Pediatric Hypertension: Are Pediatricians Following Guidelines?

Neil D. Patel, Andrew Newburn, Michael E. Brier, Deepa H. Chand

Research output: Contribution to journalArticlepeer-review

7 Scopus citations

Abstract

The National Heart, Lung, and Blood Institute recommends that children older than 3 years seen in the medical setting have their blood pressure (BP) measured. The authors aimed to determine whether BPs are measured at well-child visits and whether elevated readings are recognized. A retrospective chart review of 3- to 18-year-old children seen for well-child visits was performed. Age, sex, weight, height, BP, extremity measured, and type of intervention were collected. BP was measured in 777 of 805 patients (97%). BP was elevated in 158 patients (20%). A total of 95 patients (60%) did not receive any intervention. Not recognizing elevated BP was associated with increased daily patient load (17.9±6.5 vs 12.6±5.5, P=.001). Higher body mass index was associated with elevated BP (P=.0008) but was not associated with improved recognition. Findings show that BP is almost always measured at well-child visits but is not being measured appropriately, and general pediatric clinics are not consistently following BP management recommendations.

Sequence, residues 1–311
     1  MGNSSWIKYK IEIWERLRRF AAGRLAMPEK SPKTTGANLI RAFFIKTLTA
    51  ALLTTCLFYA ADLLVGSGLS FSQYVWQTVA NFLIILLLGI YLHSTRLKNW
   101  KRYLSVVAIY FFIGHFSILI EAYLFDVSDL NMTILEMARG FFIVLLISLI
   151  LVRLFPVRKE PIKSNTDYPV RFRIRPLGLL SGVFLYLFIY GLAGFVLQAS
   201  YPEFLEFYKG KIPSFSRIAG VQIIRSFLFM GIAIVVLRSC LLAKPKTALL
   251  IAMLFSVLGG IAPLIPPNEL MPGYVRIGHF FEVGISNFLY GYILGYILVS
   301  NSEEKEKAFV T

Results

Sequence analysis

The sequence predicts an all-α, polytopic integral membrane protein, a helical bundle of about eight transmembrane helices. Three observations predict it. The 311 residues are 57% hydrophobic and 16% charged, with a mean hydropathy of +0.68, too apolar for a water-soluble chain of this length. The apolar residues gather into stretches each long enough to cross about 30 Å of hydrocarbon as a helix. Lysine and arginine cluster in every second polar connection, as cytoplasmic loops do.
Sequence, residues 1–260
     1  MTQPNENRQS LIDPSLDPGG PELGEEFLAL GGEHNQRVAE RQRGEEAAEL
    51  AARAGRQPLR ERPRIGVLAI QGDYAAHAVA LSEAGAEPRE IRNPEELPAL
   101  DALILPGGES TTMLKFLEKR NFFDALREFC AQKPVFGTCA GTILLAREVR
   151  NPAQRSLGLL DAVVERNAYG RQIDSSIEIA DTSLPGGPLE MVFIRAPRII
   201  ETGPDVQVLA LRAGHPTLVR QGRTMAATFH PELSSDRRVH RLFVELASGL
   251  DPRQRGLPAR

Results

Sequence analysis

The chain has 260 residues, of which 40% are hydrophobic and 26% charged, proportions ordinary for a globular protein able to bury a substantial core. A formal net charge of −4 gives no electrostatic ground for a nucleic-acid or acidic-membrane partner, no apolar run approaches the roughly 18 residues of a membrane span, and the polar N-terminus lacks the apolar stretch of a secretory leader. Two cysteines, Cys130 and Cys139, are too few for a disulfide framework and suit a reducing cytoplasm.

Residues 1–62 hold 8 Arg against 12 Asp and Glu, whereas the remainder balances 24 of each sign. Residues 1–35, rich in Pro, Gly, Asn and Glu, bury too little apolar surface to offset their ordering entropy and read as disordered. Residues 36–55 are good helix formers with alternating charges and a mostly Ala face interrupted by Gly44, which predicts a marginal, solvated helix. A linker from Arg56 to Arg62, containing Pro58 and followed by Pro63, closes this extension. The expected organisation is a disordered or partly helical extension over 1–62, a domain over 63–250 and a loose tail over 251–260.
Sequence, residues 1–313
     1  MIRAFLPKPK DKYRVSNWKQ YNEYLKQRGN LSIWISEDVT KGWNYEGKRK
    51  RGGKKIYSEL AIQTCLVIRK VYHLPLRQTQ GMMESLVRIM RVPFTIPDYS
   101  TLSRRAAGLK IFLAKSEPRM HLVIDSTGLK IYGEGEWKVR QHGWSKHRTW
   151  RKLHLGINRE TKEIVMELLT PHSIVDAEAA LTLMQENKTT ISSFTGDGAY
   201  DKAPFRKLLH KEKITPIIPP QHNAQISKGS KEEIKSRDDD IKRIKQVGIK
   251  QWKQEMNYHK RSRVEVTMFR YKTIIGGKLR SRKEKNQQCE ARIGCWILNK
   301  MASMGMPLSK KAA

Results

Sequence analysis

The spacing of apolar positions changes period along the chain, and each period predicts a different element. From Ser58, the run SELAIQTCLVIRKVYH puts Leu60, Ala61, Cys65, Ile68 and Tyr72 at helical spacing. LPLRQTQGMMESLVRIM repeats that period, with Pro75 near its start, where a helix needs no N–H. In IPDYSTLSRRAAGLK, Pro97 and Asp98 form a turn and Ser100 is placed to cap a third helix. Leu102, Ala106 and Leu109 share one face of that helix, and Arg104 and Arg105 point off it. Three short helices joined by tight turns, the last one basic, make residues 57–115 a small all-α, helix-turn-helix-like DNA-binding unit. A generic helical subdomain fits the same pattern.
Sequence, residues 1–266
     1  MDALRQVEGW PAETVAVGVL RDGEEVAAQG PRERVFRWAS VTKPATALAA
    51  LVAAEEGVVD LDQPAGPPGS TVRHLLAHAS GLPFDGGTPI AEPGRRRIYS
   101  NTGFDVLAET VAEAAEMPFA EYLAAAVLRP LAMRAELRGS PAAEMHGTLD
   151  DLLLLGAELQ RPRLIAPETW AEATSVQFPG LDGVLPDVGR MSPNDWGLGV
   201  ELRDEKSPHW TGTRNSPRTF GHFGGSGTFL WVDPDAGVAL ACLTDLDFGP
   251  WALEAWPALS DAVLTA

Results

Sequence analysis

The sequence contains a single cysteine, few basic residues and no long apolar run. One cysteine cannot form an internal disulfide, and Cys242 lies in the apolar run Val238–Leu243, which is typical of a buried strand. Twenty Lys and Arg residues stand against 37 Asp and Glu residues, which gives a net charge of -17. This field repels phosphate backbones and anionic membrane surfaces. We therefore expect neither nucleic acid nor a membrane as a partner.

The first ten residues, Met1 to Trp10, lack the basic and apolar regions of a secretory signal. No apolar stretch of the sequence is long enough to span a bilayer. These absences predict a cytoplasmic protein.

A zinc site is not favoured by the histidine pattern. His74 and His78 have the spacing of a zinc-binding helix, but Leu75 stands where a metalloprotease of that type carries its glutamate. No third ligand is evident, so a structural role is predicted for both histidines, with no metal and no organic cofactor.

Original languageEnglish
Pages (from-to)1230-1234
Number of pages5
JournalJournal of Clinical Hypertension
Volume18
Issue number12
DOIs
StatePublished - Dec 1 2016

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